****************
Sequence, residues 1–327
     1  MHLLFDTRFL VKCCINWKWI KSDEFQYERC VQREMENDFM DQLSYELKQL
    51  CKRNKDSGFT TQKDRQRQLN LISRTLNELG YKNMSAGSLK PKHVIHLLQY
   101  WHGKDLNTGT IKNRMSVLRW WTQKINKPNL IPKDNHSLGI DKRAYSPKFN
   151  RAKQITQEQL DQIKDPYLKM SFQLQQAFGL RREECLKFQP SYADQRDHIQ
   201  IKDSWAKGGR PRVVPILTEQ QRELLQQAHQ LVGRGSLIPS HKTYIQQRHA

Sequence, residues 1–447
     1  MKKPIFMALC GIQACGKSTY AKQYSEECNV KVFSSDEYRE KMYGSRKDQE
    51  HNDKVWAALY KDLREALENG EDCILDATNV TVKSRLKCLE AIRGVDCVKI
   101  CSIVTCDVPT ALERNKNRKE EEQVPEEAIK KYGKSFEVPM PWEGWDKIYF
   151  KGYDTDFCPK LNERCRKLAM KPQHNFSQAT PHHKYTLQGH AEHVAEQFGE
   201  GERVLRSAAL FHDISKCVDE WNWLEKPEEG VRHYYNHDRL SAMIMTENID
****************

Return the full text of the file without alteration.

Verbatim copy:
Sequence, residues 1–327
     1  MHLLFDTRFL VKCCINWKWI KSDEFQYERC VQREMENDFM DQLSYELKQL
    51  CKRNKDSGFT TQKDRQRQLN LISRTLNELG YKNMSAGSLK PKHVIHLLQY
   101  WHGKDLNTGT IKNRMSVLRW WTQKINKPNL IPKDNHSLGI DKRAYSPKFN
   151  RAKQITQEQL DQIKDPYLKM SFQLQQAFGL RREECLKFQP SYADQRDHIQ
   201  IKDSWAKGGR PRVVPILTEQ QRELLQQAHQ LVGRGSLIPS HKTYIQQRHA

Sequence, residues 1–447
     1  MKKPIFMALC GIQACGKSTY AKQYSEECNV KVFSSDEYRE KMYGSRKDQE
    51  HNDKVWAALY KDLREALENG EDCILDATNV TVKSRLKCLE AIRGVDCVKI
   101  CSIVTCDVPT ALERNKNRKE EEQVPEEAIK KYGKSFEVPM PWEGWDKIYF
   151  KGYDTDFCPK LNERCRKLAM KPQHNFSQAT PHHKYTLQGH AEHVAEQFGE
   201  GERVLRSAAL FHDISKCVDE WNWLEKPEEG VRHYYNHDRL SAMIMTENID